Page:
Getty Museum

Getty Museum

The day began quickly; a piece of toast, a gathering of friends. The drive was more than it needed to be, but the hour passes in minutes when we talk. A parking pass and a short tram ride later, I saw the familiar marble that is the Getty Museum. We walked through the main entrance, a sweeping staircase with larger than life statues. We couldn’t reach the gardens soon enough. The view is breathtaking, a sloping lawn, cut by a long river fed by a vase-shaped fountain and a path zig-zagging past thousands of varieties of plants. Time passed slowly but luxuriously as we made our way down the hillside. We stopped to take photos and notice the delicate succulents. Sticks on fire, agave, Artemisia, and variegated society garlic, all make an appearance here. At the bottom of the slope we were greeted by three magnificent trellises, more than 15 feet high, trailing bougainvillea from their heads. They were made out of rebar that curved out at the top to create the illusion of a bouquet. Following the river to its end, we came across the large pool separated by a 2 foot high hedge maze. Again, one must take the long way, following a pathway lined with Crape Myrtle trees and society garlic, halfway around the circle, only to double back around a seamless switchback, lined with gravel. From there you are as close as you can be to the magnificent focal point. We traveled yet two more pathways that similarly switchback around the pond, extending our viewing time of the planters, that make an interrupted crescent shape around the water. We walked under u-shaped trellises, symmetrically placed along the paths that were filled with people moving to and fro. Before we regressed back to the museum, I was able to sit and sketch the beautiful landscape.

BLOG #4 Rewrite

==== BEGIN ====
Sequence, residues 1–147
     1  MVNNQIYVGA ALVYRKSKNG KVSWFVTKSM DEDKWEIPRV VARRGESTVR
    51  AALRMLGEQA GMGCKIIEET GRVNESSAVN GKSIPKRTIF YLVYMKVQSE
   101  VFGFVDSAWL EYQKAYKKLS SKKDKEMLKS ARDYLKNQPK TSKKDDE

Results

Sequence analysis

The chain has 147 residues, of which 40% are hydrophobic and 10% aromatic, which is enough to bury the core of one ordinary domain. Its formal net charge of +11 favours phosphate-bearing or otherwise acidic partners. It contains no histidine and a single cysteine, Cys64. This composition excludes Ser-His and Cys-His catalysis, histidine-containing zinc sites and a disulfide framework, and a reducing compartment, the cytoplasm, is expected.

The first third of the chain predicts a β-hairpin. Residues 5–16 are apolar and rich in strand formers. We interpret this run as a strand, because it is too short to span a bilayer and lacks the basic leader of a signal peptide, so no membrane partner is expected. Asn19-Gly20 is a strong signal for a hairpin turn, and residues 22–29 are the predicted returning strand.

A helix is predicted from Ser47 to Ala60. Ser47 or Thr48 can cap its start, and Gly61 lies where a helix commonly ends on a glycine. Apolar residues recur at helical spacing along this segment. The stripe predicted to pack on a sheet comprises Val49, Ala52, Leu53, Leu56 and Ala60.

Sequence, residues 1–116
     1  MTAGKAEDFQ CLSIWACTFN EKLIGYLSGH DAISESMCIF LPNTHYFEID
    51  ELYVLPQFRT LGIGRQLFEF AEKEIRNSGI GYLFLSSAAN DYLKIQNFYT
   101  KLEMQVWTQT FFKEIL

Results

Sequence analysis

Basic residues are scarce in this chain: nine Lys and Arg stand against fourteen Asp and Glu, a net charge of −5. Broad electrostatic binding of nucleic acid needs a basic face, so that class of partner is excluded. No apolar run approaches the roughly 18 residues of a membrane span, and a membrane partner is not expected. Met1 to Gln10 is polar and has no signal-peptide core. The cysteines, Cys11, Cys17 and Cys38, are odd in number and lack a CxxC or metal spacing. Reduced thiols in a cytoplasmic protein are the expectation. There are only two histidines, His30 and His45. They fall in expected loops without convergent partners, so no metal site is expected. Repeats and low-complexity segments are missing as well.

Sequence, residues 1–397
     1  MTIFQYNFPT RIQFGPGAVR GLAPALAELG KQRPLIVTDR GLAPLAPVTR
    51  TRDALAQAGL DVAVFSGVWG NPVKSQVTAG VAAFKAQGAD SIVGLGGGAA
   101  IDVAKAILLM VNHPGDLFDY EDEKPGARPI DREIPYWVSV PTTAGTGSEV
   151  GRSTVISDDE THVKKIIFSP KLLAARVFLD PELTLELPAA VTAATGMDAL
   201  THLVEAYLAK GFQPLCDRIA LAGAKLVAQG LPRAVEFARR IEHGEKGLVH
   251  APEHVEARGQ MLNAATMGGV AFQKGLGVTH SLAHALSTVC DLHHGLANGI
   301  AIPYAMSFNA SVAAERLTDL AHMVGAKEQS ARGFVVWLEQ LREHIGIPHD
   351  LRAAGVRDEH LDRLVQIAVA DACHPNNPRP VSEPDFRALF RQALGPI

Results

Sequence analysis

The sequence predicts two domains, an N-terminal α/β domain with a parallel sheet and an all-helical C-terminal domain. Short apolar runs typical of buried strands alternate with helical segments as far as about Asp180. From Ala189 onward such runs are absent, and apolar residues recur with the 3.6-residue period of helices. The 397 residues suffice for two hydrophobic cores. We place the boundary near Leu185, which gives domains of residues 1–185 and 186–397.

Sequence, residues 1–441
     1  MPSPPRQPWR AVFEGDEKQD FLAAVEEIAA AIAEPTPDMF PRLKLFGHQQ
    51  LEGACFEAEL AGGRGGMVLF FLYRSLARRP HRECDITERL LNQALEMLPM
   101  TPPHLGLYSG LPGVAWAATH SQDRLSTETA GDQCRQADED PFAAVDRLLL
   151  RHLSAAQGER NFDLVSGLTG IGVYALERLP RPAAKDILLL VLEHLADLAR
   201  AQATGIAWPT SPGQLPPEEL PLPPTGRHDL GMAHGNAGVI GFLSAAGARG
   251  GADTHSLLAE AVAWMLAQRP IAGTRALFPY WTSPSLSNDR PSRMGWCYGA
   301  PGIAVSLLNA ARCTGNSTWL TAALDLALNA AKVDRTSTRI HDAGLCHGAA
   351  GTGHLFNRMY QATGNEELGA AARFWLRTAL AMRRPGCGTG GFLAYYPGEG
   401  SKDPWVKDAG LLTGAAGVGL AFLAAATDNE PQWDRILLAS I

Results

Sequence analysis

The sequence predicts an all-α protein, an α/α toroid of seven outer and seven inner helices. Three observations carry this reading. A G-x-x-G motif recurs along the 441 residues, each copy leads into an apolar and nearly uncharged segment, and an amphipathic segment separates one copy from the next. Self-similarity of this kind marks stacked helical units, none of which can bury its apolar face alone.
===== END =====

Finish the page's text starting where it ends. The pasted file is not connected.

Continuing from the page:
The path winds back and forth, cutting zig-zags through the hillside that looks out onto the Los Angeles skyline. The stairs led from the Getty Museum, to the gardens that spread out below. The vegetation is a welcome relief to the overabundance of marble in the surrounding architecture. Leaving the sea of cream colored buildings behind me, the twisting pathway, interrupting the grassy slope, is surrounded by thousands of varieties of plants. Sticks on fire, agave, Artemisia, and variegated society garlic, all make an appearance here. A long flowing river, fed by a vase-shaped fountain, carves a straight path down to a pond below. We make our way down to the labyrinth of hedges that break up the surface of the water. Three trellises rest at the bottom of the slope, more than 15 feet high, trailing bougainvillea from their vase-like tops. Crape Myrtle trees dominate the skyline when viewed from the bottom of the slope. The circular pathway created by gravel and the surrounding Crape Myrtle and society garlic, switches back along the water, creating a crescent shape. From there you are as close as you can be to the focal point. Trellises lined with wisteria symmetrically separate the crescent path that looks out on the watery maze. The closer we get to the water, the deeper we sink to the edge of the pool, and the trees appear to tower above us along with the surrounding shrubbery.

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